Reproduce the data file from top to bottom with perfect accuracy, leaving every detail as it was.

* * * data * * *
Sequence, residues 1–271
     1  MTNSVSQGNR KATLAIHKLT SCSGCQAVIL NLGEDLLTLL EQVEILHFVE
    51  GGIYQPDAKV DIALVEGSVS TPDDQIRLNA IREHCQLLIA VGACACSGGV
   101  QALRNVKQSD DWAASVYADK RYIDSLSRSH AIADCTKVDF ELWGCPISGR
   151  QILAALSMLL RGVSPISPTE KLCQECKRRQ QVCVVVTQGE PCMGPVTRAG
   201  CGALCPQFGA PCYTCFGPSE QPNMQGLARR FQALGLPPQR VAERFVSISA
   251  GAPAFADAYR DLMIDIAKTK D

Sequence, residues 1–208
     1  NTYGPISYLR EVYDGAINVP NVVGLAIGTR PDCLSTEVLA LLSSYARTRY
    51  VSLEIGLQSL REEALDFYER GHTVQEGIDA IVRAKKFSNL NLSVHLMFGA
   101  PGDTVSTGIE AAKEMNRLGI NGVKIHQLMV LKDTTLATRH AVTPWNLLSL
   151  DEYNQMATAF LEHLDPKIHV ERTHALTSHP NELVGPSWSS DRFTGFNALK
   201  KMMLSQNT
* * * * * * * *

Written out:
Sequence, residues 1–271
     1  MTNSVSQGNR KATLAIHKLT SCSGCQAVIL NLGEDLLTLL EQVEILHFVE
    51  GGIYQPDAKV DIALVEGSVS TPDDQIRLNA IREHCQLLIA VGACACSGGV
   101  QALRNVKQSD DWAASVYADK RYIDSLSRSH AIADCTKVDF ELWGCPISGR
   151  QILAALSMLL RGVSPISPTE KLCQECKRRQ QVCVVVTQGE PCMGPVTRAG
   201  CGALCPQFGA PCYTCFGPSE QPNMQGLARR FQALGLPPQR VAERFVSISA
   251  GAPAFADAYR DLMIDIAKTK D

Sequence, residues 1–208
     1  NTYGPISYLR EVYDGAINVP NVVGLAIGTR PDCLSTEVLA LLSSYARTRY
    51  VSLEIGLQSL REEALDFYER GHTVQEGIDA IVRAKKFSNL NLSVHLMFGA
   101  PGDTVSTGIE AAKEMNRLGI NGVKIHQLMV LKDTTLATRH AVTPWNLLSL
   151  DEYNQMATAF LEHLDPKIHV ERTHALTSHP NELVGPSWSS DRFTGFNALK
   201  KMMLSQNT